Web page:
In Why Revival Tarries, first published in 1959, the evangelist Leonard Ravenhill called the prayer meeting the “Cinderella of the church today.” I wonder how he would evaluate our prayerfulness in 2013. I could be wrong, but I suspect things have gotten worse. Generational apartheid in churches often means that youth and young adults avoid the prayer meeting, seeing it as a place for the elderly. Whilst they are pioneering a “cool” new style of praise and worship in the main church service, the quiet and crucial foundation of prayer is often maintained by a dying generation of intercessors and prayer warriors. People from whom we have so much to learn.
Why do we neglect it? Every week my church urges “Members – Don’t forget the prayer meeting”. I have yet to attend; I stand as guilty as the next. After a year of the encouragements and discouragements that came with coordinating prayer meetings at Queen’s Christian Union, I should know better. I knew the joys of having over fifty people coming along at 8am to pray together, the disappointment of periods when it seemed like an uphill battle to convince students that collective prayer mattered at all.
I often use busyness as the excuse for avoiding prayer time, as if it is an optional extra in my relationship with God and his church. Often the argument goes something like this:
1. Jesus prayed
The Son of God, during his earthly ministry, took himself off to desolate places to pray (Mark 1:35-39), and this time often refocused his ministry (Mark 1:38). Also, before he went to the cross, Jesus spent extended time in prayer in Gethsemane (John 17) and often encouraged his disciples ‘always to pray and not lose heart’ (Luke 18:1). The God-man sought the face of God in prayer, recognised its centrality and acknowledged his dependence upon God. How much more do we need to seek his guidance, to actively and persistently invite him into the monumental and seemingly inconsequential decisions of each day?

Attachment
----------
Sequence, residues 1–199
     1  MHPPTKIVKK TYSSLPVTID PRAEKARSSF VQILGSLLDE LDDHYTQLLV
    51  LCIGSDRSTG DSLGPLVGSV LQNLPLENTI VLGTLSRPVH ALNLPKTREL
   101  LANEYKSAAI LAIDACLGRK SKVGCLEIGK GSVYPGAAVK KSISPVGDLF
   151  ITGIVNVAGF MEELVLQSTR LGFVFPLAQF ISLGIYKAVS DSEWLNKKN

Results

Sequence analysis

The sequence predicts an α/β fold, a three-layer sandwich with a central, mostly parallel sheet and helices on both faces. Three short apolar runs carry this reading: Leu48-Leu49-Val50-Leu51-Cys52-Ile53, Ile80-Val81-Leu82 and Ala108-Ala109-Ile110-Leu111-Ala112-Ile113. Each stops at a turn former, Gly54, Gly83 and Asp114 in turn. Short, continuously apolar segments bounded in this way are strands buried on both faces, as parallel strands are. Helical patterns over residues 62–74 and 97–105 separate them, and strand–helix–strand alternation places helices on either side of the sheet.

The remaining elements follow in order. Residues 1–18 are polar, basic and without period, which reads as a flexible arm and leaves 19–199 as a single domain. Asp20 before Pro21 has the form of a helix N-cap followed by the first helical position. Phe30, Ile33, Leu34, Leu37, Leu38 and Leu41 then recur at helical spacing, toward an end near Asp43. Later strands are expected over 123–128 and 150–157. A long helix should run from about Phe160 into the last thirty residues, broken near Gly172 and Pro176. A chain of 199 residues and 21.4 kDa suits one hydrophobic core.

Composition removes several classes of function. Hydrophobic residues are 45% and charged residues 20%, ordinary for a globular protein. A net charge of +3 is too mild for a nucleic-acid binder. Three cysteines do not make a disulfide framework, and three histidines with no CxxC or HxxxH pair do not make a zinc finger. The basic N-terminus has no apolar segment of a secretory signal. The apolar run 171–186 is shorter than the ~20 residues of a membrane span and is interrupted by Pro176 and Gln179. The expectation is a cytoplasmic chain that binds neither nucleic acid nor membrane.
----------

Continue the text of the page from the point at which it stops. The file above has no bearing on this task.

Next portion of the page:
2. The early church set an example of prayer
Though there is much emphasis upon the apostles’ teachings and preaching the gospel in the life of the early church, there are many references to communal prayer (Acts 2:42; 4:23; 6:4; 6:6; 12:5; 13:3; 14:23; 21:5). Prayer is a powerful catalyst upon the community of faith, in maintaining unity, retaining vision, commissioning, committing and increasing effectiveness by consistently submitting the work to God, acknowledging their need of his power and approval.
3. The Christian faith is built upon relationship
God is our Father, he created us for relationship with him, so he wants to hear about our lives, our thoughts and struggles because he cares. Though many of us come from dysfunctional families and struggle to comprehend dependable, fatherly love, we must not allow it to distort our view of God.
Prayer is not about getting our words right or mindlessly rhyming off liturgy, but actively acknowledging our need of God in all areas of our lives. It involves trust, as we lay our concerns and praises before the hands that crafted stars. For me, a prayer as simple as “Good morning, God”, consciously invites him into my mundane, everyday routine from the moment my eyes open. When I do this, my perspective changes and my purposes change; I become motivated by his glory and aware of his prompting through the Spirit.
So, prayer does change things, primarily by changing us. The question is, how much do we desire change in our lives and in our churches? Perhaps we prefer battling on in stoic self-dependence. Praise God that we are saved by grace and not works, that a tally of prayer hours will not make Him love us any more than He does today. However, time on our knees will enhance our love for Him and make us more aware of how He wants to involve us in His mission of bringing His kingdom to earth. We begin to grasp the words of John the Baptist: “He must increase, I must decrease” (John 3:30).
How could engagement in prayer change your relationship with God and your local church?